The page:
For this rearrangement to be valid in objective time, the mind develops a set of universal laws which relate the connection of intuitions in objective time. These laws determine what experience is possible: If the empirical determination in relative time is to be objectively valid (i. e. , experience), these universal laws contain the necessity of the determination of existence in time generally. Experience gives to empirical judgments universal validity, and for that purpose requires a pure and a priori unity of the understanding (Prolegomena 26).
Causality is an example of such an a priori unity. Kant goes on to state explicitly that the concept of cause is a concept firmly established a priori, or before all experience, and have their undoubted objective value, though only with regard to experience (Prolegomena 27). Kant states that Hume justly maintains that we cannot comprehend by reason the possibility of causality, that is, of the reference of the existence of one thing to the existence of another which is necessitated by the former . . . But I am very far from holding these concepts to be derived merely from experience, and the necessity represented in them to be imaginary and a mere illusion produced in us by long habit. On the contrary, I have amply shown that they and the principles derived from them are firmly established a priori before all experience and have their undoubted objective value, though only with regard to experience (Prolegomena 27).
The explanation thus far cannot stand alone because although it explains how the a priori basis of cause is possible, it lacks a description of exactly why and how the specific a priori synthesis is made. Kant admits that although he cannot comprehend the concept of a necessary connection in either noumenal things or even appearances, we have yet a concept of such a connection of representations in our understanding and in judgments generally (Prolegomena 28).
He claims that a valid cognition of an object in representations depends on the minds a priori synthesis of concepts of the understanding. Kant gives three examples of such concepts, relationships, and connections of the understanding: the relationship of subject to predicate, the relationship of ground to subsequent, and parts of a whole. He says that necessarily the only way the human mind can organize its understanding of the phenomenal world is by making judgments which include one of these concepts. He says . . . the question is not how things in themselves but how the empirical cognition of things is determined, as regards the above moments of judgments in general, that is, how things, as objects of experience, can and must be subsumed under these concepts of the understanding. And then it is clear that I completely comprehend, not only the possibility, but also the necessity, of subsuming all appearances under these concepts, that is, of using them as principles of the possibility of experience (Prolegomena 28).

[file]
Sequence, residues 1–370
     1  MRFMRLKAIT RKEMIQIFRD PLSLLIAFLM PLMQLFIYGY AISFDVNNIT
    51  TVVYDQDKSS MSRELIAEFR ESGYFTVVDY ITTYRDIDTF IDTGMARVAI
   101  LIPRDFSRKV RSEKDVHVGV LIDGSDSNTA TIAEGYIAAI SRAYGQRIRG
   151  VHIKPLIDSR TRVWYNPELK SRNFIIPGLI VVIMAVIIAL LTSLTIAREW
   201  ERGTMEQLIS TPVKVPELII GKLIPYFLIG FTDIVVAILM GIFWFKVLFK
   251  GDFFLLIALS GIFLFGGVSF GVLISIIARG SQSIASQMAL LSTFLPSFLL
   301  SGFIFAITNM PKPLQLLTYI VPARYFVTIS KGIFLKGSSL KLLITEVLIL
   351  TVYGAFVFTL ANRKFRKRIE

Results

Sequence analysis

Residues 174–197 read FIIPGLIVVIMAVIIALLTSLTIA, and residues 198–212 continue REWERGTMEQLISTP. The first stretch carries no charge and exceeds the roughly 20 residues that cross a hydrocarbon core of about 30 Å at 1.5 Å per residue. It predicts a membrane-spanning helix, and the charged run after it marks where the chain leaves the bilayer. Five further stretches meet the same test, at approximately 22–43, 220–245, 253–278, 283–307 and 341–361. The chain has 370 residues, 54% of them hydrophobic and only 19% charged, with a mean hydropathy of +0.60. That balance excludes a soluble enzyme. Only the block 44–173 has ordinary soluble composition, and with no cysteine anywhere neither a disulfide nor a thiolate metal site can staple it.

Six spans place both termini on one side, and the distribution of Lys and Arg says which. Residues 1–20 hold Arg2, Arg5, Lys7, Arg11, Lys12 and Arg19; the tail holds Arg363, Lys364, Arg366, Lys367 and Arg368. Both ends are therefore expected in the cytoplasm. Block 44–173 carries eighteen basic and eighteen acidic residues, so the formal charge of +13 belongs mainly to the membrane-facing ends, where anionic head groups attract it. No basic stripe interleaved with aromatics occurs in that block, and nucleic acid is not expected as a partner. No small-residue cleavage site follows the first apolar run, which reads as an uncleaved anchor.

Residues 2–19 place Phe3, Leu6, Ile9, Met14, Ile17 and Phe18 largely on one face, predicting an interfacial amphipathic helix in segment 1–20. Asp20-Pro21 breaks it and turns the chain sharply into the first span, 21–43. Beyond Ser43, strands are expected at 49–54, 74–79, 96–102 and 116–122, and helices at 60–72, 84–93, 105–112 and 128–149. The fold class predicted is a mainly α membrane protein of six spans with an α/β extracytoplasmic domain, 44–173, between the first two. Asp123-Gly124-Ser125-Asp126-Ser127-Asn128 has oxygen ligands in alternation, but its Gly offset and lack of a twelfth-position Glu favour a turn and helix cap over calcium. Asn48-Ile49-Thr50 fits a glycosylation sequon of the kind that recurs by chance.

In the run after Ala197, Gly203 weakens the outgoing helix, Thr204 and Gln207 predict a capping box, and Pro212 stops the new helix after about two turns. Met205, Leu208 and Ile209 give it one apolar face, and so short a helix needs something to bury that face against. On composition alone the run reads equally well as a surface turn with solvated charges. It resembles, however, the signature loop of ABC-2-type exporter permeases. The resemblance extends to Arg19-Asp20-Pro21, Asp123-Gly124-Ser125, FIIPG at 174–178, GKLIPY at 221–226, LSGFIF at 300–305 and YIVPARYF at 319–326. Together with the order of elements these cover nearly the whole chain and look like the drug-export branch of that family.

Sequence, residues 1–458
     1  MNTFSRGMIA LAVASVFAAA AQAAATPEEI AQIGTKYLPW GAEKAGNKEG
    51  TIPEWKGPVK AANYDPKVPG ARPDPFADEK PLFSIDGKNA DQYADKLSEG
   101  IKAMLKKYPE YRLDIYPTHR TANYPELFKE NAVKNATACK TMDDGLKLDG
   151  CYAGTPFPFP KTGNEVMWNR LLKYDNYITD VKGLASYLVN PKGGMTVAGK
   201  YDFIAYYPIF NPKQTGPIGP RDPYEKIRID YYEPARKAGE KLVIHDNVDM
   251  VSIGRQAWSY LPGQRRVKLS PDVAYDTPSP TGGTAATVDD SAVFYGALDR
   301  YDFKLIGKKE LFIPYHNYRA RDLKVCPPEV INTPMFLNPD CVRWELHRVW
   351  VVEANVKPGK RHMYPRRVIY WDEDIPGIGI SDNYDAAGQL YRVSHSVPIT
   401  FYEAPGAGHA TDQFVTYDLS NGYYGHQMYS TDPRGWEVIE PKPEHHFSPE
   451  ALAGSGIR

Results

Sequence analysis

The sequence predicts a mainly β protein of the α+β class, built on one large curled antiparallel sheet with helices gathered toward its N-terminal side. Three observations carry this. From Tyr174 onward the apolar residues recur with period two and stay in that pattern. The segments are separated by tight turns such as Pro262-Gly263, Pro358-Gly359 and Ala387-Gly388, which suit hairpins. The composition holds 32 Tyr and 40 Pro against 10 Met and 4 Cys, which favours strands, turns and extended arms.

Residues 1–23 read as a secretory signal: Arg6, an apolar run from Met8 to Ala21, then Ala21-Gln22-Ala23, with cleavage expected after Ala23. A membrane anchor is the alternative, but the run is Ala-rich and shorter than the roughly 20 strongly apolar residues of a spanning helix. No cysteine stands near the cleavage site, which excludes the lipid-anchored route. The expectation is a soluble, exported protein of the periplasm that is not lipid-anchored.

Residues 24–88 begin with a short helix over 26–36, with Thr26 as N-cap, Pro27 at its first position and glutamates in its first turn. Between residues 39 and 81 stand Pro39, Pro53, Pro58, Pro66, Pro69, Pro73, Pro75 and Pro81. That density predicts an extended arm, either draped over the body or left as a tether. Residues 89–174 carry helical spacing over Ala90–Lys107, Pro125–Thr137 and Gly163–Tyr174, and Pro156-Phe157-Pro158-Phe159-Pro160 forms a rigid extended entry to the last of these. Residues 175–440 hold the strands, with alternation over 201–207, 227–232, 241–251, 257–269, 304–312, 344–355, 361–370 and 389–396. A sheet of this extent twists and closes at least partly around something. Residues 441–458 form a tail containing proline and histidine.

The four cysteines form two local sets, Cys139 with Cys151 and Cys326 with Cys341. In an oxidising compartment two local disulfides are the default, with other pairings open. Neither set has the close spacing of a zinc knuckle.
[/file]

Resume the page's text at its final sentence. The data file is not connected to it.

Thus, cause is a principle of the possibility of experience, an a priori synthesis necessary for the organization of intuitions into a coherent understanding of the phenomenal world. Kant, in order to clarify the theoretical explanation of a priori logic, explains in 29 exactly how the mind might proceed in a specific example. The mind sees the sun shining, an object illuminated by the sun, and senses that the object is growing warm. Constant conjunction and temporal succession, two of the three conditions for the validity of the concept of cause, have been satisfied.
The mind makes a hypothetical judgment, merely a subjective connection of perceptions (Prolegomena 29), that the light of the sun causes the heat in the object. The empirical rule of relation that one event always followed another in the past is made, with the hypothetical judgment, into a universal law. The mind makes this leap in the initial process of organizing the intuitions. The judgment of the intuitions, in order to qualify as experience, is taken with universal validity and places upon the intuitions from an objective standpoint the necessary connection that illuminates the concept of cause.
Thus for Kant, in order to develop experience, we must first make a priori synthesis which yield concepts of the understanding, including causality. He maintains that although one cannot form rationally the concept of one thing causing another, I therefore easily comprehend the concept of cause as a concept necessarily belonging to the mere form of experience, and its possibility as a synthetic unification of perceptions in a consciousness in general (Prolegomena 29).
In the Prolegomena, Kant solves both the problem of cause and the problem of induction. He does not try to find a corresponding sense impression for cause in experience, as Hume does. He does not need experience to find Humes foundation for the human minds necessity for the concept of cause. A priori concepts of the understanding, such as causation, are both possible and necessary for experience; they are not derived from experience, but experience is derived from them (Prolegomena 30).